I am a PhD candidate of psychology at the University of Salzburg. As a part of the psychotherapy research group, my current research interests are:
(Note: this site used to include information on teaching and publications. This has all been moved to my CV.)
Using the R programming language and the Shiny Framework, I developed a web application for the dynamic assessment of psychopathology. Using daily questionnaires concerning a person’s disorder, highly individualized disorder models can be derived. These models can help practitioners get a more in-depth understanding of their patients’ symptom dynamics. Also, interventions can be matched to the symptom structure so that they achieve maximum efficiency.
The development of the data assessment module is nearly complete and currently undergoing a pilot phase. Features include:
The assessment module will also process the data acquired automatically so that the correlational and time-dependent structure of the psychopathology is uncovered. The steps are:
These steps prepare the data so that they can be processed by the data analysis module. It is be able to plot time-series data from day-to-day questionnaires, including additional plots that show phases of critical instability. Also, the treatment planning module will offer an overview over a patient’s symptom structure based on the models generated by an automated treatment planning algorithm called DATA. The aim is to offer a guideline to plan interventions that are fit to the patient’s individual psychopathology and promise maximum efficacy. It is currently undergoing empirical examination.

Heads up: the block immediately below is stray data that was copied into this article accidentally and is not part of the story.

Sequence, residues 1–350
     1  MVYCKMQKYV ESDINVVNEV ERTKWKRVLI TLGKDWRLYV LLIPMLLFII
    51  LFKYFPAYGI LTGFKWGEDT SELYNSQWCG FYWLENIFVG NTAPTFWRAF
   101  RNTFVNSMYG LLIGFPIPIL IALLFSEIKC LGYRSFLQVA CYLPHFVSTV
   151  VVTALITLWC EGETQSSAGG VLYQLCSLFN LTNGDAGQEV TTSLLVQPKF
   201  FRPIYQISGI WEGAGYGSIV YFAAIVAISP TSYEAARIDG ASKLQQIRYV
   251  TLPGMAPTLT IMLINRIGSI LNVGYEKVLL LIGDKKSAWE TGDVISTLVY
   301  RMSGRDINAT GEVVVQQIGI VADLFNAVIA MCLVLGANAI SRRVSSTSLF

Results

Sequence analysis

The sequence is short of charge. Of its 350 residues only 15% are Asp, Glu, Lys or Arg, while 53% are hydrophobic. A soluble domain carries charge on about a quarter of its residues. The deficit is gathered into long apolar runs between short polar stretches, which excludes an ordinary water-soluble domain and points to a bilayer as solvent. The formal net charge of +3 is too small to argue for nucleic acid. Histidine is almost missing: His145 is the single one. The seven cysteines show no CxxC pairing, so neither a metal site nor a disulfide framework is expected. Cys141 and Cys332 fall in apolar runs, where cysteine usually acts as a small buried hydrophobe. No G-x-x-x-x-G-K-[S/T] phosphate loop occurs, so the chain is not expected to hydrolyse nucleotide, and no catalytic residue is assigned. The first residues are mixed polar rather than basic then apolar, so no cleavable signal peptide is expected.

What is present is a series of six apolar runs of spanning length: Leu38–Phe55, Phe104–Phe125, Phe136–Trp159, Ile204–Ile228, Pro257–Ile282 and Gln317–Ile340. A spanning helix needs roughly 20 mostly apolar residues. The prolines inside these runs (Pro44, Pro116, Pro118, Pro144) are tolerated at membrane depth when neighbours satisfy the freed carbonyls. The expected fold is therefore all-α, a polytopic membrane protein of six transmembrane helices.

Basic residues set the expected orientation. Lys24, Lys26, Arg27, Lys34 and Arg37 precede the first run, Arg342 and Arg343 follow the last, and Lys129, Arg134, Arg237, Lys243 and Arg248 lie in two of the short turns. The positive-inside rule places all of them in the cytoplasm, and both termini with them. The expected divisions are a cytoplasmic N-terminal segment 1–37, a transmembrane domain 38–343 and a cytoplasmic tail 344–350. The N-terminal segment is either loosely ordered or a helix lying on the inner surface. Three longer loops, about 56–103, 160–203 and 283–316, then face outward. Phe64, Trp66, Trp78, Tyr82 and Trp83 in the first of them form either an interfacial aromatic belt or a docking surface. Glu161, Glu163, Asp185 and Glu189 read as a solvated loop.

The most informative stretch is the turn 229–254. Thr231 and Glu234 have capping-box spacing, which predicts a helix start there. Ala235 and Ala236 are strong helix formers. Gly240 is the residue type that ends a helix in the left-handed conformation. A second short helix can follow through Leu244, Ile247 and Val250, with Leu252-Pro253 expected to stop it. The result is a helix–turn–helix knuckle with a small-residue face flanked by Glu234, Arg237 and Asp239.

Read more about the Software in the JMIR publication!
Together with my PhD advisor Anton Laireiter, I advised master theses on the following topics:
basically the cognitive, behavioral and emotional processing of psychotherapy within (intrasession) and in between (intrasession) psychotherapy sessions. Research suggests that experiences in between therapy sessions contribute greatly to therapy outcome. ↩
moment-to-moment assessments (opposed to static assessments) ↩